Traditional. September 25, 2017.
Here's some of my original commentary from the Patreon post I made for this piece when I first finished it:
Today [Sept. 25, 2017] I finished a piece I started in August, and I'm quite happy with how it turned out! I'm glad, too -- for something that took so much time and so many hot glue burns, it'd be a shame to be disappointed in it.
The shells I used in this piece I actually didn't intend to use originally. In the spur of the moment I dug out a bag of seashells I collected on a high school trip (with the sole intention of using them in art later, fittingly) and felt inspired.
The bracelet used as a halo was actually a bracelet I've owned for a long time and never been able to wear comfortably. Attaching it required me to lay the project back so the lid that acts as a background was flat against my desk. It was surprisingly easy to get it to stay! I think trying to tie knots for the hanging charms with such small thread was the real challenge when it came to the halo [...]
Sometimes as projects go forward they change a little to the point some materials don't fit anymore, and I think following that flow is better than trying to shoehorn in pieces that don't really work.
I also mentioned burning myself with hot glue a lot in the work-in-progress Patreon post, which is really funny because I don't remember that at all just a few years later.
What really stands out to me now is this comment I made about the bracelet being one I'd owned for years. It's true -- I can't remember not having that bracelet (tucked away to play with, since it really never did fit me) as a kid. Actually, quite a few of the pieces here are objects I held onto out of sentimental value for years and years. The shell necklace was another item that had always been around in my jewelry box. The wings behind the plastic heart on the back broke off a special figurine to celebrate my youngest years that I never got around to fixing but never wanted to lose, and that plastic heart itself is from a bracelet, one of two, that I had alongside my little sister. The beautiful shell hanging from the bracelet is one I bought from a Native person at a powwow in the area my dad brought me to as a kid (and though I've never been able to connect with my Native heritage, the way my dad is able to still is a warm feeling). In some ways, this piece feels to me now like a way to preserve and cherish some little memories. It feels like family.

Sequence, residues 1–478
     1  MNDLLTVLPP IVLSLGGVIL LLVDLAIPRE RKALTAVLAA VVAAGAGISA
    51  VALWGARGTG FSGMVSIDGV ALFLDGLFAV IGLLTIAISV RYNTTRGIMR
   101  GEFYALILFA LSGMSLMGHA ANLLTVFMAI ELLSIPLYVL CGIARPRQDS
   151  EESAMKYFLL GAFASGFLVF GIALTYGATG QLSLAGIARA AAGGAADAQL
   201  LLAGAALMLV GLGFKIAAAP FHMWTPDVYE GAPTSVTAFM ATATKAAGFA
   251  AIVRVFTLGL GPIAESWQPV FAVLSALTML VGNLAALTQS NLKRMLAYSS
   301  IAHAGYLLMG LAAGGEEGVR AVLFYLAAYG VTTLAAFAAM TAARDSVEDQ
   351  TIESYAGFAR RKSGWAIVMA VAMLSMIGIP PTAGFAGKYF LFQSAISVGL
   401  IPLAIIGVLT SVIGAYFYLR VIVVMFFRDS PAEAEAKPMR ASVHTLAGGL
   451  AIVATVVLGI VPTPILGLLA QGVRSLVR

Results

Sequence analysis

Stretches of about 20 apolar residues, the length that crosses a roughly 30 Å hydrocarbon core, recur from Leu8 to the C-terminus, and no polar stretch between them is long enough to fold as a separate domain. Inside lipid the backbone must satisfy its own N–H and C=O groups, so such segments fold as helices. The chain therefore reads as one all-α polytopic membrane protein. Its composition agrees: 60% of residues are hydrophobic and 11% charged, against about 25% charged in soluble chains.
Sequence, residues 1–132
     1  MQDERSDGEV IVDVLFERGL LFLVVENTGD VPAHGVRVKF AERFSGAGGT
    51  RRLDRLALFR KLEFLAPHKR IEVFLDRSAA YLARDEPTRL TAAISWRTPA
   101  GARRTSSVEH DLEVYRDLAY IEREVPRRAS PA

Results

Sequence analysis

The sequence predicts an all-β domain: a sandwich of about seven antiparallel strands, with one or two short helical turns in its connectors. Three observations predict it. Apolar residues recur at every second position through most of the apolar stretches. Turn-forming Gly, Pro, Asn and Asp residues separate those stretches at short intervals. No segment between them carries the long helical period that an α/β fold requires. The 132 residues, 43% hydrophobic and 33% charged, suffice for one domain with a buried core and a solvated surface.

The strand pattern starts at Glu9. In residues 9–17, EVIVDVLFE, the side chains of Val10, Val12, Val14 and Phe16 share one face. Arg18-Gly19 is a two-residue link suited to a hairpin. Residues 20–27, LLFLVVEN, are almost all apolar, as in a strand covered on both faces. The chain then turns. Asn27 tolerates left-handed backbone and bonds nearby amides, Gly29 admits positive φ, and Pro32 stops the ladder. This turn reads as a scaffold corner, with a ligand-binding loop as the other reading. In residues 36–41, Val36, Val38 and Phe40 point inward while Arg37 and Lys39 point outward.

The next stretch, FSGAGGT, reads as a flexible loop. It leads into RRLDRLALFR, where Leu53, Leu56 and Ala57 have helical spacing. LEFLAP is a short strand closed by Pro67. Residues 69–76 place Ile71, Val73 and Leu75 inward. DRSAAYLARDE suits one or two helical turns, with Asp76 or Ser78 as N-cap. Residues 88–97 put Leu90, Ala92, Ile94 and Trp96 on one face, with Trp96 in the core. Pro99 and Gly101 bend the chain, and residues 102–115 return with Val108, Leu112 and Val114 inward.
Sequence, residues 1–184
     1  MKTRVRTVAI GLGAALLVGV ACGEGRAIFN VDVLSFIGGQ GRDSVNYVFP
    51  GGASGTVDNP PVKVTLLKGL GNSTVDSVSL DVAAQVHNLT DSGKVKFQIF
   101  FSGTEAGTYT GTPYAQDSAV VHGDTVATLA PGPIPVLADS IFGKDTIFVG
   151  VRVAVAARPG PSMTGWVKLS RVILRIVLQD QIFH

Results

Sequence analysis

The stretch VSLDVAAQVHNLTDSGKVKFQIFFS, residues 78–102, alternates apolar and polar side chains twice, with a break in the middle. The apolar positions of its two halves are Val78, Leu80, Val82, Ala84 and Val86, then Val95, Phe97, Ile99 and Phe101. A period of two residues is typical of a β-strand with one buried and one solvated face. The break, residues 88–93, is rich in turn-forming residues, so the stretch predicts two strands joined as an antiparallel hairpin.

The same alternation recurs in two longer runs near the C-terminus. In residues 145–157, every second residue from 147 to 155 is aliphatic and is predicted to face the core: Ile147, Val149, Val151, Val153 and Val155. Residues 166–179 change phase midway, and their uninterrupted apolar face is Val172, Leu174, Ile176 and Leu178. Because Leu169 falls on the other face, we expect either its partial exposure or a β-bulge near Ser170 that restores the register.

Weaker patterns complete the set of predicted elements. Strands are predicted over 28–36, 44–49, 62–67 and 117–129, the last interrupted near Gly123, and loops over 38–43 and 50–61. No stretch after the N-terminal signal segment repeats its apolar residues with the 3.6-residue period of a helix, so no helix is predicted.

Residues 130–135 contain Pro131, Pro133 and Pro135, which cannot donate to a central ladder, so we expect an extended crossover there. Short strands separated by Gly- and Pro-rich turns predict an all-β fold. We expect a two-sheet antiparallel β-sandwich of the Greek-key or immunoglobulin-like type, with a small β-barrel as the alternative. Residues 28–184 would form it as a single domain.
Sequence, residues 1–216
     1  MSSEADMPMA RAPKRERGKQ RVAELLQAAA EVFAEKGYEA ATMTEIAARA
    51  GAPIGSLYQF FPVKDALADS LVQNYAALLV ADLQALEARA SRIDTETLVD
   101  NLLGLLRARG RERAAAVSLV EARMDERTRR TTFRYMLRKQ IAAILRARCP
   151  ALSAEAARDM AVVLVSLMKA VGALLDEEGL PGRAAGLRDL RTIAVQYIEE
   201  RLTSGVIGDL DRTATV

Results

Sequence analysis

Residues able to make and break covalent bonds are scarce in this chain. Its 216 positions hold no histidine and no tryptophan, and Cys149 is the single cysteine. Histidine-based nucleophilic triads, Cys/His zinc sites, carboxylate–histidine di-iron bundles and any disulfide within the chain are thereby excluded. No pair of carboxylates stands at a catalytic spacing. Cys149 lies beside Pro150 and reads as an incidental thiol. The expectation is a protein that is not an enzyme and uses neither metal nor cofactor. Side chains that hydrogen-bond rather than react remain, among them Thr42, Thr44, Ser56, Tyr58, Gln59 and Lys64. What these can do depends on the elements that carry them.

I think that I got most of the supplies used here at Eugene's Material Exchange Center for Community Arts (MECCA), an organization that's been around here since 1999. I've been going since 2017ish -- I think the trip where I picked up most of the stuff in this piece was actually my first trip. The entire bottom of the tray is filled with white seaglass.